What will the CPET results include?
After testing, your evaluator will create a report detailing the CPET’s findings.
The report will include information such as:
- Your medical history
- Your work background and activities prior to disability
- Summary of the testing performed
- Results from the testing
- Any indications of functional capacity impairment in your results
- A concluding assessment of your exertional limitations and their impact on your ability to work
Your evaluator can use the data in your findings to determine your capacity to carry out normal daily activities. The report should include the evaluator’s assessment of your stamina, energy demands, and ability to perform physical tasks. From there, your evaluator can conclude whether you are disabled from working.
How can an attorney help with my disability claim and the CPET?
At Riemer Hess, we regularly help our clients arrange to undergo CPETs. We refer our clients to highly respected professionals who we know and trust.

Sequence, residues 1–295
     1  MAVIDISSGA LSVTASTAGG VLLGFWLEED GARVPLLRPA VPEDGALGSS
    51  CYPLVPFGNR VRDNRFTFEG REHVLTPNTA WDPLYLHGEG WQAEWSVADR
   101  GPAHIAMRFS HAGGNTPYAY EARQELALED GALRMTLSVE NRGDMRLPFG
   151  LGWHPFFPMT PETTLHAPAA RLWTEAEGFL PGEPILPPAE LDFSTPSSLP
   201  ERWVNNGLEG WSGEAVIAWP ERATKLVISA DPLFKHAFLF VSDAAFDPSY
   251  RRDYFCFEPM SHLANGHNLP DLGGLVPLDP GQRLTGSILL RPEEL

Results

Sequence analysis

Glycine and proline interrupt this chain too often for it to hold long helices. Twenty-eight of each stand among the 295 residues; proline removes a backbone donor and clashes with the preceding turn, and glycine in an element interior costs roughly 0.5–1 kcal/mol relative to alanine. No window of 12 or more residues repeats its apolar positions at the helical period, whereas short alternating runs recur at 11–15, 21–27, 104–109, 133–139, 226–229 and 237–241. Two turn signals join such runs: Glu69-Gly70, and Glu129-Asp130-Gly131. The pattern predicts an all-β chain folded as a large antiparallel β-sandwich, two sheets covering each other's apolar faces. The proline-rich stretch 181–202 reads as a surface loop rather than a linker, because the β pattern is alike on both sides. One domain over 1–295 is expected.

Additionally, we provide the CPET evaluator with necessary information on your background. This includes information on your occupation, general work background, diagnosis, treatment, and date of disability. We also make sure the evaluator has had the opportunity to review your medical records before testing so they are familiar with your condition.
Once the testing is done, we review the evaluator’s report to make sure all information regarding your work history and medical background is accurate before it is submitted to your insurance company.
If you are filing for long term disability benefits or appealing a prior denial, we recommend consulting with a disability attorney. An experienced long term disability attorney can help you navigate the process to get your benefits approved. A long term disability attorney will know how best to substantiate your claim with evidence and testing results. Our disability insurance attorneys are familiar with all the testing that should be included for fatigue-based disability claims or appeals and will refer you for any testing you need.
Our New York long term disability lawyers can help. Call Riemer Hess LLC at (212) 297-0700 or click the button below for a consultation on your disability case.